The Last Judgement
It seems like institutions are bound to judge by outward things,
Or not to judge, as the case may be,
Though those who do not judge are short-lived,
Since the criteria for acceptance and full fellowship
Is the standard by which institutions are defined,
Just as a person is defined, to some extent,
By what they allow into their lives.
So, a nation, a church, a university, or club,
Must decide upon some measurable standard to which its members will adhere.
And the standard gives them something to shoot for,
A measuring stick by which they may try to figure out if they are good.
And many, especially the strong, through constant effort and sometimes prayer
Will rise above their baser natures to stand triumphant upon the pinnacle of their institution's standard.
These are the bright ones whose faces hang in halls of earthly glory.
And if the standard of the institution reflects, to some extent,
The reality of heavenly things,
(I say to some extent because no earthly standard
Can perfectly emulate the wisdom that resides on high.)
Then the heavens may also smile down upon the "winners" in the group.
And, when it goes just right, it is beautiful in its own imperfect way.
However, institutions and the outward standards they employ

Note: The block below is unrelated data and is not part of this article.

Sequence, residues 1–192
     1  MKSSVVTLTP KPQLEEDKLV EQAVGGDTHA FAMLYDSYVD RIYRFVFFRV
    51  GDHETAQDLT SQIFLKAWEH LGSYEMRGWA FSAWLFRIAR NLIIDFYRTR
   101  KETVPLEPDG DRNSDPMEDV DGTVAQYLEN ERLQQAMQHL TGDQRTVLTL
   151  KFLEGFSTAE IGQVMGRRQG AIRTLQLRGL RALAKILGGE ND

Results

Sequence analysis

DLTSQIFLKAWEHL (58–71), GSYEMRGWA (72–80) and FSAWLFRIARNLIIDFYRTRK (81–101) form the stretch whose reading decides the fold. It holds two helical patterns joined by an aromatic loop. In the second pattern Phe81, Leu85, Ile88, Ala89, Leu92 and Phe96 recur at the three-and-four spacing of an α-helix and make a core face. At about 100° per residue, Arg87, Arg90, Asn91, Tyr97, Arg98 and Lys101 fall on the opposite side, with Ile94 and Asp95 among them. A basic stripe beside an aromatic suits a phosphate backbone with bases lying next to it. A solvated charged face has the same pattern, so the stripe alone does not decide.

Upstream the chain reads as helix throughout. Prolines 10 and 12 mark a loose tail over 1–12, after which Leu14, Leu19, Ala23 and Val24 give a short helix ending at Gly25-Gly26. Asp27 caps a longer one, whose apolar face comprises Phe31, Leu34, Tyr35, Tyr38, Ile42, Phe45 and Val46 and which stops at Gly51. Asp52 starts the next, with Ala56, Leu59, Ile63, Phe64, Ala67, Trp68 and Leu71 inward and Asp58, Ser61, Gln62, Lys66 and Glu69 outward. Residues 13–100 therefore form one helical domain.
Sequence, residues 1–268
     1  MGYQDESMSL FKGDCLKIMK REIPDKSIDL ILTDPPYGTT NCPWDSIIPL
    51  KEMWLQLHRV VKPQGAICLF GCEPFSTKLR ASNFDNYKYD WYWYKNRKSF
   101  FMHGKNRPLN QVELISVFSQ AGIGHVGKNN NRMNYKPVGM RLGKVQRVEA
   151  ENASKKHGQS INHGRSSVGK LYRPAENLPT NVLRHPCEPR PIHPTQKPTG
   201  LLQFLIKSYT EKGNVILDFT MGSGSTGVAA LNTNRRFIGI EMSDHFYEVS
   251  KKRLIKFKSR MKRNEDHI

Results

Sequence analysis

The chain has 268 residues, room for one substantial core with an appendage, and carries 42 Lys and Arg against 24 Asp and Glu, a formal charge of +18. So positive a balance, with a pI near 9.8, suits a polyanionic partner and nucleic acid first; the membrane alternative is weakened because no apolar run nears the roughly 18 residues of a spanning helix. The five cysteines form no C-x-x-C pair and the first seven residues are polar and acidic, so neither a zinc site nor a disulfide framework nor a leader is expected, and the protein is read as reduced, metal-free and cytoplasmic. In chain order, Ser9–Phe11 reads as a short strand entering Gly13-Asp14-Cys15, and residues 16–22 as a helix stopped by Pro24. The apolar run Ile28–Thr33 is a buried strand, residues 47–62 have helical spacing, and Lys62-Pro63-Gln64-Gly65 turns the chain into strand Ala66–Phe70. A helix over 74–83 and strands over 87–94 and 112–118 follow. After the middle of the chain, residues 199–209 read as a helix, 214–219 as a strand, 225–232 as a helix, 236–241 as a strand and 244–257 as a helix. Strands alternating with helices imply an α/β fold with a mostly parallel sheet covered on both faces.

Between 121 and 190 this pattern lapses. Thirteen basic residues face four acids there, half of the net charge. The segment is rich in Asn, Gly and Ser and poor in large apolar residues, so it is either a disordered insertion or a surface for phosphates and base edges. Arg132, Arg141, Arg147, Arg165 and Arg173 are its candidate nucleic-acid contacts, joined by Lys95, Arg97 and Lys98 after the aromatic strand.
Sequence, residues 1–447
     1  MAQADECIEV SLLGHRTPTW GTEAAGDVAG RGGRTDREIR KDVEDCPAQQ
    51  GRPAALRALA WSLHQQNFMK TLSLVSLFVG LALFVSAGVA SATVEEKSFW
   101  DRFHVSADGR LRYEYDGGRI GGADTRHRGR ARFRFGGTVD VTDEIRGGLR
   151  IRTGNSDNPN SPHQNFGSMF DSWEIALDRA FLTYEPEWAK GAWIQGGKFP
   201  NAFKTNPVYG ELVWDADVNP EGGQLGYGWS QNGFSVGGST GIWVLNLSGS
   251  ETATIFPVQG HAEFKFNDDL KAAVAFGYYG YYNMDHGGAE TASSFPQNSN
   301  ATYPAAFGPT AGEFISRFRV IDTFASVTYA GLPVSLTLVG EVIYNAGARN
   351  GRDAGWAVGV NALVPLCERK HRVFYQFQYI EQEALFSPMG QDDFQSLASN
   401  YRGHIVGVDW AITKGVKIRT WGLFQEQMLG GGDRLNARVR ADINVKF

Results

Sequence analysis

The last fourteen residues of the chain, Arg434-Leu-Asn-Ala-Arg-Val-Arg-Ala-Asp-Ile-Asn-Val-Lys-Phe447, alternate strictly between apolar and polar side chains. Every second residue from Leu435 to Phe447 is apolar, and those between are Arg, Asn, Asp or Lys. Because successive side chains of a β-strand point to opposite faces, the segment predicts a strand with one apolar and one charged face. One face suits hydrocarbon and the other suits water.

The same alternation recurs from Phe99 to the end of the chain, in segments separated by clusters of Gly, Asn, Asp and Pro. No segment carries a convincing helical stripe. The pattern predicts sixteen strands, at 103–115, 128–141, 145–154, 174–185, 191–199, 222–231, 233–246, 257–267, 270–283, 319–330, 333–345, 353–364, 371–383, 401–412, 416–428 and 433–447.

To define themselves and their members
Have an ugly underbelly.
For one thing, they are fraught with the plague of the ambitious:
Those who have no interest in the spirit of the standard
Accept as a means to set themselves up
Upon lofty seats in the synagogue.
And without the help of God, It is nearly impossible to detect these wolves.
And even if detected, it is rare that they will let their seats be taken.
For this reason, institutions corrupt with age.
For the ambitious love to promote their friends
And before long, the leaders have gobbled up the food
That was intended for the children of the sect,
And rule in what they believe to be the house of God as self-made Gods of glory.
The other ugliness of institutions and their outward means of judging
Is the weak: those who are not strong enough, or smart enough, or ambitious enough
To rise from their baser natures, and claim their place in the gilded halls of earthly fame.
And without the help of God, the losers are no easier to judge than the winners.
Nobody knows whether another's failure is because they could not or would not.
God only knows.
And surely, the standard is not to blame. Where would we be without standards?
But for those who can forsake the glory of their institutions,
There is a better way to judge.
And those who judge by this last judgement know each other at a glance.
They are their own fraternity. They overlook the outward thing in favor of the real.
And in the end, they embody the best and most perfect spirit of the standard
To which institutions aspire, namely that of lifting another up,
Not through outward ceremony, but in respect and esteem.
"I love the man who tries," they say,
"And in my heart his face is hung with a thousand wreaths of glory!"
"I will be his friend," they say. "I will pretend that I'm no better than he."
"For who knows but what I am not."
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